Our flight was absolutely uneventful. After waiting several hour for our flight time in Detroit, we took off and arrived in Paris with no surprises. These flights have become fairly routine. It is difficult to sleep on the plane and they show lots of good movies, so it's a great time to catch up on some of the movies you always intend to see but never quite get around to. We picked up a cab from the airport and got to our Hotel de Seine, the boutique hotel we decided to use for the first couple of days of our stay. Our room was ready, so we dumped off our baggage and went on a hunt for lunch. We sat in a sidewalk cafe (pictured above) and had omolettes with lots of mushrooms. I always forget how many people smoke in this country, and of course, the smokers want to be in the same nice places we non-smokers tend to frequent.
Why does it always seem like the smokers gravitate toward me? I definitely had the smoking bullseye in the middle of my forehead today. The two things about France that I always forget: cigarettes and dog poo. Other than that, I always find France delightful! The people are always polite if somewhat aloof, but they generally seem happy to have you around. And in Paris, at least, around every corner you get to see something interesting.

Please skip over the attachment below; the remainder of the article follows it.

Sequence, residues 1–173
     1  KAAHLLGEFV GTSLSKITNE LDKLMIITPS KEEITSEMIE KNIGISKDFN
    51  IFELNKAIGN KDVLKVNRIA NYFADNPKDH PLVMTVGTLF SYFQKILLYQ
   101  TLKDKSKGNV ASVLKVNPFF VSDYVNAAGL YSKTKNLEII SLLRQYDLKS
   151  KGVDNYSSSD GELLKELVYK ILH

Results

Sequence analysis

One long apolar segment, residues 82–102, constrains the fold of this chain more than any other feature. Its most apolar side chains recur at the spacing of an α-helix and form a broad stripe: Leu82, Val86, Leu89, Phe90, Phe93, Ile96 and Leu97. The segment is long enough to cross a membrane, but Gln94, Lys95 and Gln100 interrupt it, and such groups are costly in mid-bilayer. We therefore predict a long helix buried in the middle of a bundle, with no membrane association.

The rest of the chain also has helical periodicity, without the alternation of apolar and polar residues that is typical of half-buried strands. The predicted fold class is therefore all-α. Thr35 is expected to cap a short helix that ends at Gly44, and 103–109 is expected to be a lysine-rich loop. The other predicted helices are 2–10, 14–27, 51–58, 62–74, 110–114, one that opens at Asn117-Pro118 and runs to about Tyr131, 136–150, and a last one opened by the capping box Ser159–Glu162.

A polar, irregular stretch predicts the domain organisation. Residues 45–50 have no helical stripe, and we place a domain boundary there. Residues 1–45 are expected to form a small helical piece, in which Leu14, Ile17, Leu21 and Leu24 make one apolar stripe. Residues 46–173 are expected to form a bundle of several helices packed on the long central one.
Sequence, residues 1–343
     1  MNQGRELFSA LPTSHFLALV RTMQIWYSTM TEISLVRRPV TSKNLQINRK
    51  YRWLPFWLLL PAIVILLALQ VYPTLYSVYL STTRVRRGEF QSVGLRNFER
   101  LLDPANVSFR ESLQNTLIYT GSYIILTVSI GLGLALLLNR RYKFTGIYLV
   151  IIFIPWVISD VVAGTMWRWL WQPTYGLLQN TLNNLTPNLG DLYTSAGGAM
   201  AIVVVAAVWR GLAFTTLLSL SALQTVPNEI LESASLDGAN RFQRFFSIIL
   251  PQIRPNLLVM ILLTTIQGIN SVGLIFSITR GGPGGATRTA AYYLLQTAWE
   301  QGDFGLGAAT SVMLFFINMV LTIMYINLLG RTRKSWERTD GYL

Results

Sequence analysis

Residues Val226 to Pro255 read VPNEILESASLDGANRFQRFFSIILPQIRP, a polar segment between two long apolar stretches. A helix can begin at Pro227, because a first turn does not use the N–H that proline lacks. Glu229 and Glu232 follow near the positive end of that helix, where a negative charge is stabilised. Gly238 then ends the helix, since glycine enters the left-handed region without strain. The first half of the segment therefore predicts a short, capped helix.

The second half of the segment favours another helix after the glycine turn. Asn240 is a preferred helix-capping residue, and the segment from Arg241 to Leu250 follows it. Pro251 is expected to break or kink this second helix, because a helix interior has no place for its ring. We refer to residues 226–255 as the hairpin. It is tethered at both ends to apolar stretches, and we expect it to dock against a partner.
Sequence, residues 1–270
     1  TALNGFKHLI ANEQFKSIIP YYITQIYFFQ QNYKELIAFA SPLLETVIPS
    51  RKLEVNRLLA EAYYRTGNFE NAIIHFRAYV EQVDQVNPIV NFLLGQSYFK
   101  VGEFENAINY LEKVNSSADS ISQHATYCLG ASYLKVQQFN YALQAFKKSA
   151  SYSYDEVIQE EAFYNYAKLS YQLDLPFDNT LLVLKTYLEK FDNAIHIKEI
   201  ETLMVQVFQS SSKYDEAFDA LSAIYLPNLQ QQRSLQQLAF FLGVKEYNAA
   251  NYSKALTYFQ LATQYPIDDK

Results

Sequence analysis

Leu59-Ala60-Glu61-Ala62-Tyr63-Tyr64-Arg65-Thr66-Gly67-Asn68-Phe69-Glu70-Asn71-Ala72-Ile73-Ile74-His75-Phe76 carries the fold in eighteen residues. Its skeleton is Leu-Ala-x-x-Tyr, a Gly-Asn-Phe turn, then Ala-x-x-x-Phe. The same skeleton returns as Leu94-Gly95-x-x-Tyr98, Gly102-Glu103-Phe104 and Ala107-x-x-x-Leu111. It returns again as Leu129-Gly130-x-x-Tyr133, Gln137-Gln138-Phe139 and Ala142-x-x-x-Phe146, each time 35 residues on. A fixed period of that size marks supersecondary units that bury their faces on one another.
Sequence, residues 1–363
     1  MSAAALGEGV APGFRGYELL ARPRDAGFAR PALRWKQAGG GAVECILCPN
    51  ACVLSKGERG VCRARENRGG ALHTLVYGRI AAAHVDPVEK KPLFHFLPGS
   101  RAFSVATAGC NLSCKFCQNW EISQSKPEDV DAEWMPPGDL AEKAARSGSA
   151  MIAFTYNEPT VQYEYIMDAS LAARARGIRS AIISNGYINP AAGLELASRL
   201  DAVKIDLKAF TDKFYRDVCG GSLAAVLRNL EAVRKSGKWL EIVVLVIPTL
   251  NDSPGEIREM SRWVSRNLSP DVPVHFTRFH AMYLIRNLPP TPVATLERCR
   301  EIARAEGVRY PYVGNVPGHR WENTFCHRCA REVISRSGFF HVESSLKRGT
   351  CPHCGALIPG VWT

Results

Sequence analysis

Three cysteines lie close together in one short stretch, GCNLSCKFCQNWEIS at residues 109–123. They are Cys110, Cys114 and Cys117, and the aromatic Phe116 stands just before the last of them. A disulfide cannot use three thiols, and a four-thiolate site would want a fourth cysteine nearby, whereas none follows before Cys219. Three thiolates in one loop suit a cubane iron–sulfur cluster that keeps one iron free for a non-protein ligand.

For Dana and me, the trick to dealing with jet lag is to absolutely give in early and often. On every trip like this we do the same thing: land and get settled, eat something, then go to bed for a few hours. Get up and be tourists and eat, then go to bed at a normal hour. When you wake up you will generally be in pretty good shape for the second day.
We sacked out, then took off for the few things that are still open on a Sunday evening. The Paris version of the Pantheon is a beautiful building originally built as a church, but recommissioned after the secular French Revolution to house the burial spots for important French people like Voltaire and Madam Curie. It is exquisite inside and so huge. I will never understand how they could have built these enormous structures two to three hundred years ago with floors that feel and look absolutely level and flat, all with inlaid stone that will last centuries. I can't even get tile in a small bathroom to look so good.
For dinner we visited one of a million crepe restaurants we have seen. The food was wonderful. It makes me want to make crepes for every meal. Mine had all kinds of lovely cheese in it. Dana went with a croc monsieur sandwich. For dessert, Dana had a crepe with apricot sauce. Mine was folded with dark chocolate in between, and dark chocolate sauce drizzled across the top along with a poached pear and a small scoop of vanilla ice cream. Heaven!
Many of the Paris attractions are closed on Mondays, so we will have limited sight seeing tomorrow. Dana has found a museum she really wants to visit that will be open. Also, we have plans to travel to Arras to meet up with Maud Pischon, a French exchange student who was in Oklahoma City a few years ago and has diligently kept contact. She wants to introduce us to her boyfriend.